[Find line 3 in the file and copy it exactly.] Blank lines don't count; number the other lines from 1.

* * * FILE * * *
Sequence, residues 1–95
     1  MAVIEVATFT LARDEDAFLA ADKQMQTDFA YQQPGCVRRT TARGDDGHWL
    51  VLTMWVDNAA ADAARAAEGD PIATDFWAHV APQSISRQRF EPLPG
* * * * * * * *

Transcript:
    51  VLTMWVDNAA ADAARAAEGD PIATDFWAHV APQSISRQRF EPLPG